ROCKVILLE, MD-Lockheed Martin is partnering with the U.S. Department of Energy (DOE) to increase energy efficiency through data center consolidation and information technology enhancements for the DOE complex.
This is the first ever Federal Energy Savings Performance Contract (ESPC) focused solely on reaching sustainability goals through improved IT practices. In 2010, President Obama announced an effort to close more than 800 government data centers by 2015 in order to save taxpayers an estimated $3 billion.
"Lockheed Martin has a record of implementing energy efficient IT enhancements at the DOE's Hanford site and we are excited to bring these best practices across the department," says Greg Caplan, senior manager for Energy Performance Contracting, Lockheed Martin Information Systems & Global Solutions – Civil. "Together we have proven that sustainable IT practices, such as data center consolidation, virtualization and cloud computing, can help federal agencies reach their sustainability goals and save money for citizens."
Following an assessment and audit at the designated sites, Lockheed Martin will design and construct projects that meet the sites' energy and IT needs and arrange financing to pay for them. Projects under this program are required to generate savings sufficient to cover annual financing cost and generate positive annual cash flow to the government after financing costs.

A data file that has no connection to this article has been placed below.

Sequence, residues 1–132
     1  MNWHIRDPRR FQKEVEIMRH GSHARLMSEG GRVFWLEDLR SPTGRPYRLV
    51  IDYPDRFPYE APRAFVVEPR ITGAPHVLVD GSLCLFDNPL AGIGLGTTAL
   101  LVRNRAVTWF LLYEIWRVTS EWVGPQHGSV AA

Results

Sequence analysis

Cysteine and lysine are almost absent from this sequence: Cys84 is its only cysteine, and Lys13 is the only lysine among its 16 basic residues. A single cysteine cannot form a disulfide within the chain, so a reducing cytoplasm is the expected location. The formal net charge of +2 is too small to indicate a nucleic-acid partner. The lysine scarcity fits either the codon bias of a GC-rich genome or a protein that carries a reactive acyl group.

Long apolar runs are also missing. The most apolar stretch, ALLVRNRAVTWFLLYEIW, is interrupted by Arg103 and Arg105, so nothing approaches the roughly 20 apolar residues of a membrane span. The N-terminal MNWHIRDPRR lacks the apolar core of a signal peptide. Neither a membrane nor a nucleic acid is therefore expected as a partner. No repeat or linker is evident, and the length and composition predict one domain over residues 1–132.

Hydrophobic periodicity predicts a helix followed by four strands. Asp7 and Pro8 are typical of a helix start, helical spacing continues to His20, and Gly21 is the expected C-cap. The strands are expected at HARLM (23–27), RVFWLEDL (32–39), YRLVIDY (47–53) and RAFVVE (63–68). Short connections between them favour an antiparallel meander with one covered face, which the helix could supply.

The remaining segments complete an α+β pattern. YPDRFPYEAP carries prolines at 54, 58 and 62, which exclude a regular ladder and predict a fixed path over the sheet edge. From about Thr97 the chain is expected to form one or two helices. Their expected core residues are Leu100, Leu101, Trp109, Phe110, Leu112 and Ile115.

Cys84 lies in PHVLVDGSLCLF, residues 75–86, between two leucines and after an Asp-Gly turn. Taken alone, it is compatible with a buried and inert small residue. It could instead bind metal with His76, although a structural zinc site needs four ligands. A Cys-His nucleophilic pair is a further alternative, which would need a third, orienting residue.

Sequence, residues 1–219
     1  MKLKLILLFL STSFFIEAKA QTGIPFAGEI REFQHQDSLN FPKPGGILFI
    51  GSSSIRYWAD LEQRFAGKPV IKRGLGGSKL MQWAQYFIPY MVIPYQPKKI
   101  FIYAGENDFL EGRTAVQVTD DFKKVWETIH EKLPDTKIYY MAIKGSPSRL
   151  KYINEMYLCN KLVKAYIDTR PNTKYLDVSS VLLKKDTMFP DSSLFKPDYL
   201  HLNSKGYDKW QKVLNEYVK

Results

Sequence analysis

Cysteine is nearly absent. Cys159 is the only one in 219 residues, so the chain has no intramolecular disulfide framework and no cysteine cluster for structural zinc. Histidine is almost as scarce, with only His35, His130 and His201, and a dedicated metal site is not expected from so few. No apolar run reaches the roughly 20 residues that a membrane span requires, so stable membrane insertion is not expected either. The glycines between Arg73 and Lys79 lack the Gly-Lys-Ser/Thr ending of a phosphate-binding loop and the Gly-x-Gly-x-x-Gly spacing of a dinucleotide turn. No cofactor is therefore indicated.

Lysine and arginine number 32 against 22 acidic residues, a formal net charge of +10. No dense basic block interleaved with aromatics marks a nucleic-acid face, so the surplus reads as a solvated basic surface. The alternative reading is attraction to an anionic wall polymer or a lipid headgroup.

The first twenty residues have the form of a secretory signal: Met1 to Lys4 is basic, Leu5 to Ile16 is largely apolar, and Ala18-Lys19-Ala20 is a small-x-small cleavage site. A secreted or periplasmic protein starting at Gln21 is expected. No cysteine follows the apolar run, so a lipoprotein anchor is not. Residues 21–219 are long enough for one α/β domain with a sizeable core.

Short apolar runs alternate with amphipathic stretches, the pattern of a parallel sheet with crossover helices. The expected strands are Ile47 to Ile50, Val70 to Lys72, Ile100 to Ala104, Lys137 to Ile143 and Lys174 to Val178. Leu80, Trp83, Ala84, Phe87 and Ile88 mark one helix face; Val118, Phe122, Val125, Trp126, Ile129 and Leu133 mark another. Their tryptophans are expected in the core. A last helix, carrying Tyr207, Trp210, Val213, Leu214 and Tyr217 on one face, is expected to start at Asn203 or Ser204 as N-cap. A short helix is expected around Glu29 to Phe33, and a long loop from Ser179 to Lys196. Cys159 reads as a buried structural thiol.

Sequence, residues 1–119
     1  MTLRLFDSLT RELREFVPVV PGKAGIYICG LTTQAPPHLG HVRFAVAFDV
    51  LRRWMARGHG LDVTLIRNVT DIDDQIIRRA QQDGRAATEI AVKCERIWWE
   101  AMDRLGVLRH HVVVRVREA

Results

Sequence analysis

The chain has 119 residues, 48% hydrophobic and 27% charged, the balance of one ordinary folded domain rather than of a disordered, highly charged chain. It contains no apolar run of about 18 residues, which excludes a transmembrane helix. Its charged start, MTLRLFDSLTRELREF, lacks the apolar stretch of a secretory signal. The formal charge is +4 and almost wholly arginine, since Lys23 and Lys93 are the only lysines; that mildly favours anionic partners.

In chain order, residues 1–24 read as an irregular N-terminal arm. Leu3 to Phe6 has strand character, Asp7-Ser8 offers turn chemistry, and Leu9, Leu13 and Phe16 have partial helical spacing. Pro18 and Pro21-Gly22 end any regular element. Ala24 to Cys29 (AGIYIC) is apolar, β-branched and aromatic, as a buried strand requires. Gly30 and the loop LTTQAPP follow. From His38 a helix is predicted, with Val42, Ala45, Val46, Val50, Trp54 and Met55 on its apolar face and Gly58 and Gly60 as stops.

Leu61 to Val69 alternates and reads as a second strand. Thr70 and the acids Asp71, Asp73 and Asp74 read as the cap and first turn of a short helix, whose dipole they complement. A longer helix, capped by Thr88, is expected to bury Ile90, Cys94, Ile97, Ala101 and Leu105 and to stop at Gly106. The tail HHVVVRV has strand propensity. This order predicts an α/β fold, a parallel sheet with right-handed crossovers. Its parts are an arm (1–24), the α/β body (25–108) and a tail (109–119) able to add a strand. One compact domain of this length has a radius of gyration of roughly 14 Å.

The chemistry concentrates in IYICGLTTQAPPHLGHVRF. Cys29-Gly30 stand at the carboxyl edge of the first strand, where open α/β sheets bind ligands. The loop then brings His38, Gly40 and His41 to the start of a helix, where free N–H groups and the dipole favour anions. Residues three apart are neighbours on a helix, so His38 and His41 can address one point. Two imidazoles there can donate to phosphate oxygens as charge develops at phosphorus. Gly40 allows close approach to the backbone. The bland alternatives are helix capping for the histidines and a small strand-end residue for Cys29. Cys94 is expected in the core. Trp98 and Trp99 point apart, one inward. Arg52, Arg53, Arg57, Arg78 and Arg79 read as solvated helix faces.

"Energy Savings Performance Contracts are a way to deliver budget-neutral energy efficiency project to government agencies." Caplan said. "As our customer's are challenged to reach sustainability targets under immense budget pressures, and we hope to share and replicate this model as a way to get there and improve IT infrastructure in the process."
Lockheed Martin was selected by the Department of Energy in 2008 as one of 16 companies chosen to compete for task orders under its Super Energy Savings Performance Contract. In addition, the Corporation is a leader in IT, energy efficiency, smart grid and cyber security programs across the government and the energy industry.